The gallbladder was 20 mm in length and 15 mm in diameter with no adhesions to surrounding tissue. The surface of the gallbladder was uneven and had the appearance of a bunch of grapes (Fig. 3a). The cystic duct was partially excised, and insertion of a 5-Fr feeding tube was attempted for intraoperative cholangiography; however, the tube was unable to be passed, and no intraoperative images could be obtained. No bile leakage was observed at the incision site.
The resected gallbladder was soft and multiple septa were observed in the lumen, which was divided into variously sized compartments, resulting in a honeycomb structure (Fig. 3b). A small amount of brownish bile had collected in the gallbladder, and its biochemical profile was as follows: total bilirubin, 17.9 mg/dL; direct bilirubin, 16.9 mg/dL; and amylase, 3.0 IU/L. These findings indicated that the gallbladder had formed a microchannel with the cystic duct and that there was no reflux of pancreatic juice into the gallbladder.
Microscopically, the septa were covered with normal mucosal epithelium, and the intrinsic muscular layer of the gallbladder wall continued to the septa. There were no inflammatory changes or atypical cells in the epithelium (Fig. 4).
The postoperative course was uneventful, and the patient was discharged on the third postoperative day. The patient thereafter developed no onset of abdominal pain associated with cholangitis, pancreatitis, or biliary dilatation due to PBM.
A multiseptate gallbladder is a quite rare congenital anomaly characterized by multiple septal structures in the gallbladder. It was first described clinically and histopathologically by Simon and Tandon in 1963 . To the best of our knowledge, there have been 14 reports of pediatric cases of multiseptate gallbladder in 11 English-language literatures to date [2,3,4,5,6,7,8,9,10,11,12] (Table 1). However, abdominal ultrasonography has been increasingly indicated in pediatric patients with abdominal pain, and this disease is now being incidentally confirmed in children as in adults. Biliary complications of a multiseptate gallbladder, such as cholelithiasis, cholecystitis , and congenital biliary dilatation (CBD) [3, 6, 9], have also been previously reported.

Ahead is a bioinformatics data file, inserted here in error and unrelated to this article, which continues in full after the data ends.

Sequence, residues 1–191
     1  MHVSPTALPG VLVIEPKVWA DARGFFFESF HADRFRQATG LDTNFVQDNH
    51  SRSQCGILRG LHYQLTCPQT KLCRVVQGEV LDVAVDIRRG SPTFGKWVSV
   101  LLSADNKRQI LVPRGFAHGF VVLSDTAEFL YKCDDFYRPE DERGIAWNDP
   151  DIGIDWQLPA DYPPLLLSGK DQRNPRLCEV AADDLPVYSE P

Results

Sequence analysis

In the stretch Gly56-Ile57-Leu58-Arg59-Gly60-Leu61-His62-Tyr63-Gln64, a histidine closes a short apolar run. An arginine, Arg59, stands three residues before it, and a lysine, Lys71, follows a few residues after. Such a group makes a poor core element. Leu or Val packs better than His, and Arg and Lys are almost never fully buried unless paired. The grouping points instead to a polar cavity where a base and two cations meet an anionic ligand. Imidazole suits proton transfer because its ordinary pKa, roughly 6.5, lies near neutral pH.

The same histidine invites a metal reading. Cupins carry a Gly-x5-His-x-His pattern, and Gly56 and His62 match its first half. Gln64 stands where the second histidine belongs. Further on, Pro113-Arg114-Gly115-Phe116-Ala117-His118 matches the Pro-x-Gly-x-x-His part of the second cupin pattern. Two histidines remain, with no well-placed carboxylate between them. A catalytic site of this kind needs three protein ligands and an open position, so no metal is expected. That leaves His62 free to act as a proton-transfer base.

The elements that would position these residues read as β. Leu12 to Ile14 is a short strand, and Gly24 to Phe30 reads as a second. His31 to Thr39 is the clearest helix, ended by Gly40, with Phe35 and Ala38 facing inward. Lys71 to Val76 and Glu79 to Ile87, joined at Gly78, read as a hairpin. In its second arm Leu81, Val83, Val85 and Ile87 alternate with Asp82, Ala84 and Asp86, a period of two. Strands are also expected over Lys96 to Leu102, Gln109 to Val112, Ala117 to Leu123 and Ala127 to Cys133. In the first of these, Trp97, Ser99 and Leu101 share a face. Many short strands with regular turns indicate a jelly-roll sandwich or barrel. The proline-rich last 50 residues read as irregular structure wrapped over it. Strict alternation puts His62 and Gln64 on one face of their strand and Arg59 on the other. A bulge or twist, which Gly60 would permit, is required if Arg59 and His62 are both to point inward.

Although the development of a multiseptate gallbladder in the human embryo is not fully understood, the predominant theory is that the gallbladder bud grows faster than the gallbladder bed, causing “Phrygian cap” formation with multiple deflections and twists [7, 13]. The presence of multiple septa with a honeycomb appearance in the gallbladder is a characteristic imaging finding. The gallbladder has an uneven surface, resembling a bunch of grapes in appearance. Histopathological findings indicate that the septa dividing the gallbladder are covered with normal mucosal epithelium containing a muscular layer.
The present case involving a 5-year-old girl was unique in several respects other than the patient’s young age. First, magnetic resonance imaging revealed the coexistence of PBM without biliary dilatation. Second, the gallbladder was atrophied. There was no clear gallbladder contraction. However, no subjective symptoms suggestive of biliary disease were observed during the clinical course.
A multiseptate gallbladder can reportedly coexist with biliary tract diseases, including PBM and congenital biliary dilatation [6, 14]. PBM is a congenital anomalous biliary disease that is thought to be related to CBD or biliary tract malignancies, in which the pancreatic duct and bile duct join anatomically outside the duodenal wall. The common channel is abnormally long in PBM, allowing reciprocal reflux of pancreatic juices and bile. This reflux provokes a variety of pathologies, especially cholangitis, pancreatitis, and a high incidence of biliary tract cancer .